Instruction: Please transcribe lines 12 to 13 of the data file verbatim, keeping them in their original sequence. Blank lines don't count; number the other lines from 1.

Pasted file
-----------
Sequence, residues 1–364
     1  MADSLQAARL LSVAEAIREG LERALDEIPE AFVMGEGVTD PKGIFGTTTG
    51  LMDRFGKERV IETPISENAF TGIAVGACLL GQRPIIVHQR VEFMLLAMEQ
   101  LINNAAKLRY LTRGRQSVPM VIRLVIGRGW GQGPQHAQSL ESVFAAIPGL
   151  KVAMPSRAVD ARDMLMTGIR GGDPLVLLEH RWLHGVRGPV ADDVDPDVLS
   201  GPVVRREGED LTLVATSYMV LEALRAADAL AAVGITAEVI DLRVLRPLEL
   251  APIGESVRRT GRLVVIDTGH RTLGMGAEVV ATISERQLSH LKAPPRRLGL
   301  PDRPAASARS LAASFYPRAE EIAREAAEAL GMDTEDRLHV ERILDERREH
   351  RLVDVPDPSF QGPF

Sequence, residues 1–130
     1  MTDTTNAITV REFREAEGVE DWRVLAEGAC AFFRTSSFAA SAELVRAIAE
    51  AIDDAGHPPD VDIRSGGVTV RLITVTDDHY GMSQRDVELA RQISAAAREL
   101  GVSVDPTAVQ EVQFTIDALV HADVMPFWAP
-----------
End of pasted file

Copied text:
    51  AIDDAGHPPD VDIRSGGVTV RLITVTDDHY GMSQRDVELA RQISAAAREL
   101  GVSVDPTAVQ EVQFTIDALV HADVMPFWAP